OU TORAHDedicated by the Jacobs and Chill Families in Memory of Harold and Pearl Jacobs
Dora Bas Rivka Silver O'H
Put into Cheirem
If someone pledges a field that is not hereditary property, but that he purchased, the value is calculated based on the time until the next Jubilee. Anyone can redeem it for that price, and the field goes back to its original owner in the Jubilee.
A first-born animal automatically belongs to G-d, so it is not otherwise consecrated. If a person pledges a non-kosher animal, which cannot be used for sacrifices, he must redeem it for its value plus 20 percent. If the owner doesn’t redeem it, the kohanim will have to sell it for its appraised value.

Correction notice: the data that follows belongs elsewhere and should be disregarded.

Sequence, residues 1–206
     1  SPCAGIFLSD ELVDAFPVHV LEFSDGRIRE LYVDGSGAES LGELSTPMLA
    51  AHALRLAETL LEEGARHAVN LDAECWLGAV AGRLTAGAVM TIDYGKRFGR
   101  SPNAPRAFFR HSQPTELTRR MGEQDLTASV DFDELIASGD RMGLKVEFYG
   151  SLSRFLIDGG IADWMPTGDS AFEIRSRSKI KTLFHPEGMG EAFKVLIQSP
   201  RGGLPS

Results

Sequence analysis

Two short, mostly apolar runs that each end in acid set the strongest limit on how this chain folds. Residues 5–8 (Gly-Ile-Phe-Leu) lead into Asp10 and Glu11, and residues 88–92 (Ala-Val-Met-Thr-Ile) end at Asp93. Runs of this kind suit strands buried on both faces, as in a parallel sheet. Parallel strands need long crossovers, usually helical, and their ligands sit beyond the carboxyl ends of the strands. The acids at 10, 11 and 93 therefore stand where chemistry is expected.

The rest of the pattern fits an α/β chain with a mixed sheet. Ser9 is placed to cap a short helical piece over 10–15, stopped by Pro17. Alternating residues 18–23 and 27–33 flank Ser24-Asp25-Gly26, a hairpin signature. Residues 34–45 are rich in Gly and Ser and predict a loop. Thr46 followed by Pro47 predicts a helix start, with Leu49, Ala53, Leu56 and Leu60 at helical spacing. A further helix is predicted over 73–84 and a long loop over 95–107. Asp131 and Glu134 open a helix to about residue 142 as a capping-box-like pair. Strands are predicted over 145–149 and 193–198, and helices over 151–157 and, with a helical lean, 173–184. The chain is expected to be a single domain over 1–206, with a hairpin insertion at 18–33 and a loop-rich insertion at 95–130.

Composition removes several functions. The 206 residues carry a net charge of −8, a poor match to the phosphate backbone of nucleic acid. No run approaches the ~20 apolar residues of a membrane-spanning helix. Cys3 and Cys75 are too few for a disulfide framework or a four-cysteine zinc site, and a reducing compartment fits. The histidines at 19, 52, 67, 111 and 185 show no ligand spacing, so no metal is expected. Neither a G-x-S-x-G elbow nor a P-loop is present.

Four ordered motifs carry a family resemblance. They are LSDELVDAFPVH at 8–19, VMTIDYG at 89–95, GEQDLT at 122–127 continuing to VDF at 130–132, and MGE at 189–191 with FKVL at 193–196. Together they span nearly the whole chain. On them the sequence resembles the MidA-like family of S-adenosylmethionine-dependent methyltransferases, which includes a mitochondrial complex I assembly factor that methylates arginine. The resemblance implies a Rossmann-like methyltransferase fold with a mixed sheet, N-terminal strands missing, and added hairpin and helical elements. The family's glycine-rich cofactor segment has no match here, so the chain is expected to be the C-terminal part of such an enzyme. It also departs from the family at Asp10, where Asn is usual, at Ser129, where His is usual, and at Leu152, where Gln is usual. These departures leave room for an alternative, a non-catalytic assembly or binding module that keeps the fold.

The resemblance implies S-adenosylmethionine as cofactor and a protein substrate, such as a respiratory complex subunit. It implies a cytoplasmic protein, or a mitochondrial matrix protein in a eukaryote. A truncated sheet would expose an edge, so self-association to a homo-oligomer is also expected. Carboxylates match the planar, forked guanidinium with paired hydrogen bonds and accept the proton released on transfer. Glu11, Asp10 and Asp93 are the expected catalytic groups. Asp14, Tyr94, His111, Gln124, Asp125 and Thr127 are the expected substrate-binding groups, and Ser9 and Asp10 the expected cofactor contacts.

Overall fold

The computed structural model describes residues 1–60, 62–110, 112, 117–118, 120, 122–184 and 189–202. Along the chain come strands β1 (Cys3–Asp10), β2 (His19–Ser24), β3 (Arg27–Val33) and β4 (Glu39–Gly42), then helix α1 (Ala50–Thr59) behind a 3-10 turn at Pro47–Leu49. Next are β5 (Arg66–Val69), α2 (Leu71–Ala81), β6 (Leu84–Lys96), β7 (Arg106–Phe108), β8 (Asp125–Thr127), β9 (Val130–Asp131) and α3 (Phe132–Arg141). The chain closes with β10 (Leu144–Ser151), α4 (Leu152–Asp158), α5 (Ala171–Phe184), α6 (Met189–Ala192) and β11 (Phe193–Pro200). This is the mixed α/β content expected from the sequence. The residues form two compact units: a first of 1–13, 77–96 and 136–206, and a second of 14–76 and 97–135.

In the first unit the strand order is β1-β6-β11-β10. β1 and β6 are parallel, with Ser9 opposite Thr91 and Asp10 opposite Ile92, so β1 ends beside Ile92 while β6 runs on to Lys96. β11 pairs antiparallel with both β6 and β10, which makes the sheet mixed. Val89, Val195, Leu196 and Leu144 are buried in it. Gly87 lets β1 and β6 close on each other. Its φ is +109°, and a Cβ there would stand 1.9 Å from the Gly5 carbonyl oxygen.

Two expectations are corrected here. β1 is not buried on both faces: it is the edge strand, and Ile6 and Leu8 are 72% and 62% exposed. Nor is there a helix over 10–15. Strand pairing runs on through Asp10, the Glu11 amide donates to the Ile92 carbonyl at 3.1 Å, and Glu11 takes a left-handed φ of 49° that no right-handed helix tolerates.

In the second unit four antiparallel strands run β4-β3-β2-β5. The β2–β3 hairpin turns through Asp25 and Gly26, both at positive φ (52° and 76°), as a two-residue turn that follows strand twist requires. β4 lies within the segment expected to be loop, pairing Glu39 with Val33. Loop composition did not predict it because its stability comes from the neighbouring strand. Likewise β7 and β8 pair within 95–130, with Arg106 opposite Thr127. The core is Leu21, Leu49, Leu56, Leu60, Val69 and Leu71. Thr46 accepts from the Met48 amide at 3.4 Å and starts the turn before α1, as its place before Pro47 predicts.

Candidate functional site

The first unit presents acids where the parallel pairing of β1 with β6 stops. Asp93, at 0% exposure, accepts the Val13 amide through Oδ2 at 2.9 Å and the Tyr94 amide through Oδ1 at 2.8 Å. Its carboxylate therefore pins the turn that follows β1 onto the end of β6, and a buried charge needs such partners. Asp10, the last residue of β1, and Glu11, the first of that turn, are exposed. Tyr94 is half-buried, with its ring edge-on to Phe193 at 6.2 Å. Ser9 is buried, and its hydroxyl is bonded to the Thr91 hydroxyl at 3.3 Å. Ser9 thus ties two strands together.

If a person pledges anything that has been designated “cheirem,” it cannot be redeemed or sold. “Cheirem” means that it has been forbidden for personal use. Things that are cheirem are usually funds for the upkeep of the Temple and things that are limited to the use of kohanim. These things may not be sold or redeemed because their use is limited to those specific purposes.